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What Kind of Roads Do You Prefer While Touring? (With poll)

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View Poll Results: What kind of roads do you prefer to tour on?
Highways
7
14.00%
Back Roads
31
62.00%
Dirt Roads
7
14.00%
Rail Trails
5
10.00%
Bushwhacking
0
0%
Voters: 50. You may not vote on this poll

What Kind of Roads Do You Prefer While Touring? (With poll)

Old 06-22-18, 08:31 AM
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What Kind of Roads Do You Prefer While Touring? (With poll)



Back Road in the Palouse

I have toured far too many miles to be considered "normal".
And yet, I am always thinking of my next tour as soon as I finish the last one.

I have ridden highways, byways, dirt roads, bike trails, and bushwhacked.
Each has its advantages - well, maybe - and disadvantages.
I'm curious what y'all think about road choices.

Yes, I would love to have scenic, empty back roads with smooth pavement all the time.
But that ain't gonna happen. The more remote the road - the more cracks in the pavement.
Such trade-offs are almost always the case.

For me, I would rank roads as follows:

1. Back Roads -
Plus - Low traffic, scenic
Minus - Longer than highway, rougher pavement, no shoulders
But - Back roads with heavy traffic are pretty nasty.

2. Bike Trails -
Plus - Zero traffic, shaded
Minus - Variable surfaces from paved to mud, indirect, limited services
But - Bike trails are pleasant, at first, but can get pretty boring out in the cornfields.

3. Dirt/Gravel Roads -
Plus - Low traffic, many more routing possibilities
Minus - Slower speeds, surfaces from o.k. to horrible, dust
But - Most dirt roads are not on Google Streetview so it can be a crapshoot.

4. Highways -
Plus - Shortest route, usually good pavement
Minus - Heavy traffic, dangerous without shoulders, shoulders can have rumble strips
But - Sometimes, esp. in the West, you have to ride on the Interstate - no other option.

5. Bushwhacking -
Plus - Sometimes the only option
Minus - Usually illegal whether on private or public lands
But - Most of us have done it when the bike trail ends and it's 300 yards to the road.

So - - - What's your opinion?
Add any other choices that I may have overlooked.

Last edited by jamawani; 06-22-18 at 09:38 AM.
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Old 06-22-18, 08:47 AM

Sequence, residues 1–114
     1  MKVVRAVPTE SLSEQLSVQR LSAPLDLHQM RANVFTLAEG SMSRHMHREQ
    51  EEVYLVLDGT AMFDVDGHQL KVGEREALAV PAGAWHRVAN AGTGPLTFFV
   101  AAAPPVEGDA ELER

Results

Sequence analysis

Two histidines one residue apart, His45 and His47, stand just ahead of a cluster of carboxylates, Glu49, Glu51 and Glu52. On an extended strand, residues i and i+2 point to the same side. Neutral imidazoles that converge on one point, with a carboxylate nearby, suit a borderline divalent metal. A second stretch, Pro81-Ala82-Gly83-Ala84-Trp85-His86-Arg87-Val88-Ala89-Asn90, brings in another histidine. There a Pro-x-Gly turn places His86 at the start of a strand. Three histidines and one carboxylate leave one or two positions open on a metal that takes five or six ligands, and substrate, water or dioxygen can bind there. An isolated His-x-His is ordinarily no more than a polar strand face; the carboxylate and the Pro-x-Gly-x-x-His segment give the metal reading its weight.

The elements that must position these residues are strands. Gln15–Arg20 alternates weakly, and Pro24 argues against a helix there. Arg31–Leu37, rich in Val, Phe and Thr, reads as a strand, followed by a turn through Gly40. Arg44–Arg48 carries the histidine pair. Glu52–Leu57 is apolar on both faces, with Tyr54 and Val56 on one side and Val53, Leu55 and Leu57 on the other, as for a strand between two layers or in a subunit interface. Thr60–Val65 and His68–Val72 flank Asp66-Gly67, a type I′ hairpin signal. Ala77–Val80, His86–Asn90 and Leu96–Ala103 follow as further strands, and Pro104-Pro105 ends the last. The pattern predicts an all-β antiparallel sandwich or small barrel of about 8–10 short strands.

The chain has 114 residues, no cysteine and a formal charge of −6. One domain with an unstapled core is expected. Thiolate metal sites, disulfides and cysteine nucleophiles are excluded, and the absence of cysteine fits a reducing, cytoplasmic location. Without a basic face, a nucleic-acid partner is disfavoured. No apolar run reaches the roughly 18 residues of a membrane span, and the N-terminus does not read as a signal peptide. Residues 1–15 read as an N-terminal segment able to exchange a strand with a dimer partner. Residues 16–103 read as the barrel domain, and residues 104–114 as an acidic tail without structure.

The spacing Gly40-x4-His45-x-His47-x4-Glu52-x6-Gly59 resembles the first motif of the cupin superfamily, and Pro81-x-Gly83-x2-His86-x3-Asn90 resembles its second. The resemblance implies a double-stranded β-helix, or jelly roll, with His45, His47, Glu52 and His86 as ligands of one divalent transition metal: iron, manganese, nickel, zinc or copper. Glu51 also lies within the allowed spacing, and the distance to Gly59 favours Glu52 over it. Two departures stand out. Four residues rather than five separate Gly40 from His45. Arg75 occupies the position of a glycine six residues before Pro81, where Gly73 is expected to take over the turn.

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I voted for "back roads," but the definition of a back road must vary from person-to-person. I'm not a big fan of rural roads that aren't traveled by bicyclists often, as drivers tend to be a little crazier and self-absorbed on those roads. However, when I am planning a trip to someplace new, I will try to work as many neighborhood streets into the route as possible. I guess you can call those "back roads." And if there is a park or a rail trail along the route, I will unquestionably direct myself to it.

Highways can be fun, too, if there is a sense that the road is leading you somewhere exciting. I like the electric vibe that I can feel from passing motorists on a highway leading to the beach. But get on a highway that goes toward some smelly city and it's a whole different feeling.

All-in-all, if the option were available, I'd have checked all the boxes in your survey, because when it comes to being on the bike, far from the stress of home, any three-foot-wide right-of-way is just fine with me.
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Old 06-22-18, 09:12 AM
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Back roads was my choice.

I like the comment about trails. I did two boring as all get out trails during my recent tour from VT to PA. Fortunately, they were only 3 and 4 miles long, respectively. The latter was basically a tunnel of trees with only one distant view of a nearby mountain range. Adventure Cycling substituted this trail mileage for a very pretty stretch of road riding that has better mountain views, etc. To make matters worse, you then had to circle around via not the best roads to join back up with where you would have gotten to had you stuck with the original routing. It seems like trail miles for the sake of trail miles. Overall, the new routing is a large, net loss of pleasantry, and it adds 4 miles and hundreds of feet of climbing.
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Old 06-22-18, 09:22 AM
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How about gravel roads, urban streets, residential streets, dirt paths, towpaths, paved paths or singletrack, to name a few?
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Old 06-22-18, 09:23 AM
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they all have their place at times, but in general dirt roads are preferable.

they are often left off of the googles, which cuts down on the amount of vehicles. more likely to see a mahout walking his pachyderm than a class A motorcoach.

more variety of just about everything....except traffic.